Dienstag, 6. Februar 2007

Lino cutting and other printing

Since being in Berlin, I can't stop cutting lino (and my hands with it). I cut 2 months of a calendar (January and September) on 40cmx40cm pieces of lino with 7 other illustrators here. We printed it this fantastic print house called Bethanian. Artisits can go and print for the day or do 6 months apprenticing, there are lots of options. Anyway we printed 120 of these calendars, to have a look go to www.hammeraue.de. There was lot of exciting work going on here. All sorts of printing from off set to etching. So it is great to see that traditional printing processes are still around, as thet are slowly dying out.
There are not just print workshops at Bethanian but sculpture and video etc etc. A big art house really in Kreuzberg. It used to be a hospital many years ago.

Lino cutting seems to be having a bit of a come back. I have come across quite a few people here who use this in their work, ie Henning Wagenbreth they uses this very traditional medium but the yet it still looks contemporary. Look on his website to see more. www.wagenbreth.de.
Linocutter to admire is most definitely Edward Bawden. Amazing skill, I never really realised untill I had cut my own. www.woodleapress.co.uk/ images/ebd4.gif one of his most spectacular cuts.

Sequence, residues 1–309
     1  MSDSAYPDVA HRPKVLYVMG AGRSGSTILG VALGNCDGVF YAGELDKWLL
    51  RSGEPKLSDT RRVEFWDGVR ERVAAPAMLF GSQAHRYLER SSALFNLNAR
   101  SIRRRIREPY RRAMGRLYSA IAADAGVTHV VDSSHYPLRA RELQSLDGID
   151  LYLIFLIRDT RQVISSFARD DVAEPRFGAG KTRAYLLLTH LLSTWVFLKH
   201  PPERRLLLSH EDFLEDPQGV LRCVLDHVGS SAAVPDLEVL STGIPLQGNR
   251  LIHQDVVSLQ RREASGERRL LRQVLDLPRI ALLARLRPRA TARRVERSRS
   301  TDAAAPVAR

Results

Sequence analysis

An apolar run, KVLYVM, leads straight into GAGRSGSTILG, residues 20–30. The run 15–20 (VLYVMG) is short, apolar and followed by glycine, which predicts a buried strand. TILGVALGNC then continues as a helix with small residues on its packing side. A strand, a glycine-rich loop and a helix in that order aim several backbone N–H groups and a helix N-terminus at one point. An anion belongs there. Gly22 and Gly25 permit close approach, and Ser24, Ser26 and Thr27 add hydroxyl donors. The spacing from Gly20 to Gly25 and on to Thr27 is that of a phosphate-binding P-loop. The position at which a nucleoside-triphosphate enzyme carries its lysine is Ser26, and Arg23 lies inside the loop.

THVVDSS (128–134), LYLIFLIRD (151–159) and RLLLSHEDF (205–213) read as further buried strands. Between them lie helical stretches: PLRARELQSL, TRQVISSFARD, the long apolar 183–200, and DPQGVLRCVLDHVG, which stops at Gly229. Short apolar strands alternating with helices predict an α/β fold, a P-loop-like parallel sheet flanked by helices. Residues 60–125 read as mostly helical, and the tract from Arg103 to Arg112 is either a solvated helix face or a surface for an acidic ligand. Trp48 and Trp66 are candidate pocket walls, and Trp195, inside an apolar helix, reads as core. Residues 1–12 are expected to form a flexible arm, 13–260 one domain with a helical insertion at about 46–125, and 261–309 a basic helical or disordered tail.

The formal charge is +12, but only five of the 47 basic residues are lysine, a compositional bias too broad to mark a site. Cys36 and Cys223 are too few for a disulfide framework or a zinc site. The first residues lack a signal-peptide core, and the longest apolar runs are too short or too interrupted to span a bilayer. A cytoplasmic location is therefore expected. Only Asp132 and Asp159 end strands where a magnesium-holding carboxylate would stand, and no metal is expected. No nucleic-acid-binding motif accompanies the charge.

More on this later!

more about die tollen hefte by Mark Nevins

Here is some more information about Die Tollen Helte, the books created by illustrators, written before in emilyhayes64 account.
See this site


“Neue Illustration: The Book and Poster Art of Eleven German Illustrators.” New York, NY:
Deutsches Haus, New York University, 42 Washington Mews, March 1-April 30, 2003.

It’s arguable that the Fall of the Berlin Wall in 1989 has been an even bigger blessing for the
art world than for the political world; while Germany herself continues to struggle with the
economic and cultural challenges of Unification, the bringing together of artists from the
West and the East immediately energized the German arts scene, especially in the areas of
poster art, book design, and comics. In March and April, Deutsches Haus of New York
University hosted a traveling show highlighting some of the best examples of post-Wall
German illustration. Deutsches Haus is NYU’s German-American Cultural Center,
beautifully housed in the Washington Mews -- a row of former coach houses originally
intended for the wealthy mansions of Washington Square which have been restored to their
pristine early 19th Century form in a cobblestone alley in the heart of Greenwich Village. The
group of friends who mounted this show, including curator Armin Abmeier, met head-on the